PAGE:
New Basingstoke and Deane Independent councillor pleased Bramley rejects 'party politics'
The Basingstoke and Deane Independents (BDI) became the majority party in the Bramley ward as Tony Durrant ousted one of the Conservative incumbents Simon Mahaffey.
Mr Durrant, who is also the Bramley Parish Council chairman, becomes the second BDI councillor alongside Chris Tomblin after securing 1,330 votes to Mr Mahaffey’s 938, with a turnout of 36.5 per cent.
Conservative Nick Robinson makes up the three.
Speaking to the Newbury Weekly News after his win, Mr Durrant said he was pleased the ward was rejecting “party politics”.
He said: “I’m pleased Bramley has said it wants a strong independent voice, and that party politics is not for us – and that pleases me from a local council point of view.
“I’m looking forward to getting on with the job and representing the whole of the ward whoever and wherever.”
Mr Durrant said he wanted to focus on potential developments within the ward to ensure the villages didn’t become overdeveloped, and he was keen to encourage the borough council to be more proactive with its climate strategy, “rather than waiting for someone to deliver a solution”.
Mr Durrant was one of the key campaigners against the huge solar farm between Silchester and Bramley, and said he was “delighted” that it had been turned down.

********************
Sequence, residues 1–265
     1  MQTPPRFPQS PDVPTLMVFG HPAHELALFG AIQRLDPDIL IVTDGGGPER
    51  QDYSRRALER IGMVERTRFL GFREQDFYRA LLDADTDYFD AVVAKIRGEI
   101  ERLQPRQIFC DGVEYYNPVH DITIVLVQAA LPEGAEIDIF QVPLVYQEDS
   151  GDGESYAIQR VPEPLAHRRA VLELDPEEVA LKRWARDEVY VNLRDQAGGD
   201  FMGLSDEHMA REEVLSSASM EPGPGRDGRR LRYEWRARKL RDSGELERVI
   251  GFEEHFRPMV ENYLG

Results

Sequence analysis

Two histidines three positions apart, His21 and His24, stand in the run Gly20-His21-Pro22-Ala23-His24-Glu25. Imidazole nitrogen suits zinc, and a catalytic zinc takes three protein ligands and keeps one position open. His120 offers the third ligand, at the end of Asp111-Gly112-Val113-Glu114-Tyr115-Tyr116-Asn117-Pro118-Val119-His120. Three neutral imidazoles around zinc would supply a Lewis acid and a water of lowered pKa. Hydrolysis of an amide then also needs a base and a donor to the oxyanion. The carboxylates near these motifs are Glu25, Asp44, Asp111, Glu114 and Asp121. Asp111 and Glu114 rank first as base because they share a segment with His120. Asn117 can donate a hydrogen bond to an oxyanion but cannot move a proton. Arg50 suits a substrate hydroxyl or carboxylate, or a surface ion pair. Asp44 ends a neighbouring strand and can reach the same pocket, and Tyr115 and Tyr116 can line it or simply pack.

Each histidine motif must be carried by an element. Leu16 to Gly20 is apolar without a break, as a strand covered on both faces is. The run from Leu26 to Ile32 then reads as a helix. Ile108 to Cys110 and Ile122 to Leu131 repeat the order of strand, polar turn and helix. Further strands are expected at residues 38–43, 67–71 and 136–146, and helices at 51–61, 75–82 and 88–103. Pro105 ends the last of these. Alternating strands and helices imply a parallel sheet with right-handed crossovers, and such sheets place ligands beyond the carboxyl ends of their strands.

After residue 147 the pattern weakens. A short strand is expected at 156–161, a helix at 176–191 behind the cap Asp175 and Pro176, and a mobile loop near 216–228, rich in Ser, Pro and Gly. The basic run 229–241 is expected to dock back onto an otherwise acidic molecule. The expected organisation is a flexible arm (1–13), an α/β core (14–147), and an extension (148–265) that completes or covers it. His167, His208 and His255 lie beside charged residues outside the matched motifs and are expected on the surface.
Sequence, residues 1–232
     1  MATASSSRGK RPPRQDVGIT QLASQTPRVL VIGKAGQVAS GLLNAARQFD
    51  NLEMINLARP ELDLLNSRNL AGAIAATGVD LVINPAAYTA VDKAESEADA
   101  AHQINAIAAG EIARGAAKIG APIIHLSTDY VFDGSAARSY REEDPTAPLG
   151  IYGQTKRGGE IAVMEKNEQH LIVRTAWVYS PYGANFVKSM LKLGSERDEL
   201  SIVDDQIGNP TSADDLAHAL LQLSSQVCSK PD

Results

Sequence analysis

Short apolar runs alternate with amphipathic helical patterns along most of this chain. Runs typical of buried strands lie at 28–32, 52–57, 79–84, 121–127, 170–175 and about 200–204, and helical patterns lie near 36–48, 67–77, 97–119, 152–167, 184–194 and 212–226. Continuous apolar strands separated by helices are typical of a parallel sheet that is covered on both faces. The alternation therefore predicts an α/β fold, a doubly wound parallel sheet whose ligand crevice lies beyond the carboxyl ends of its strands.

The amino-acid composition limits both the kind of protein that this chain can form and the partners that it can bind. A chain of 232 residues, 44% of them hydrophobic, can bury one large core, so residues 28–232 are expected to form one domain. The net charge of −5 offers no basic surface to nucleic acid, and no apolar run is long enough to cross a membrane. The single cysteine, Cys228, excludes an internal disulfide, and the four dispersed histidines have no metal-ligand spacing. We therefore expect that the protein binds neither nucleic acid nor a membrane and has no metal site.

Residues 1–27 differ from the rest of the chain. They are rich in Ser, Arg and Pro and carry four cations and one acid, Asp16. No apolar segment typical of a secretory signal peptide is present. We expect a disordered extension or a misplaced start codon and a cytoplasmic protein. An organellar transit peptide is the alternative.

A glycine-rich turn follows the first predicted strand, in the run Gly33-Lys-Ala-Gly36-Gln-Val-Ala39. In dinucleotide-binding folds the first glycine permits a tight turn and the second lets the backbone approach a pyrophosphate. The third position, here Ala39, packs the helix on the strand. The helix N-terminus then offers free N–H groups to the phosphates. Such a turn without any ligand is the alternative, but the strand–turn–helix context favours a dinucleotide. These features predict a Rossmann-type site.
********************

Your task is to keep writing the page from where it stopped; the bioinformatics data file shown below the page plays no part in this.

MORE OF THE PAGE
He said the farm would have started to coalesce the two communities
He said: “I was delighted because of its location and its impact on our countryside.
“All the negatives were very clear and all the pros were a bit airy fairy and mathematical and questionable whether they could be delivered.
“I would like to see more renewable energy – I think the council and the Government should encourage brownfield sites.”
This will be Mr Durrant’s first time on the borough council, after being a parish councillor for 10 years and chairman for eight of those years.
He stood in the 2019 General Election as an independent “purely to give people choice”.
Before he retired, Mr Durrant was in finance and operations, describing his job as helping companies “get to a level where somebody would acquire them”.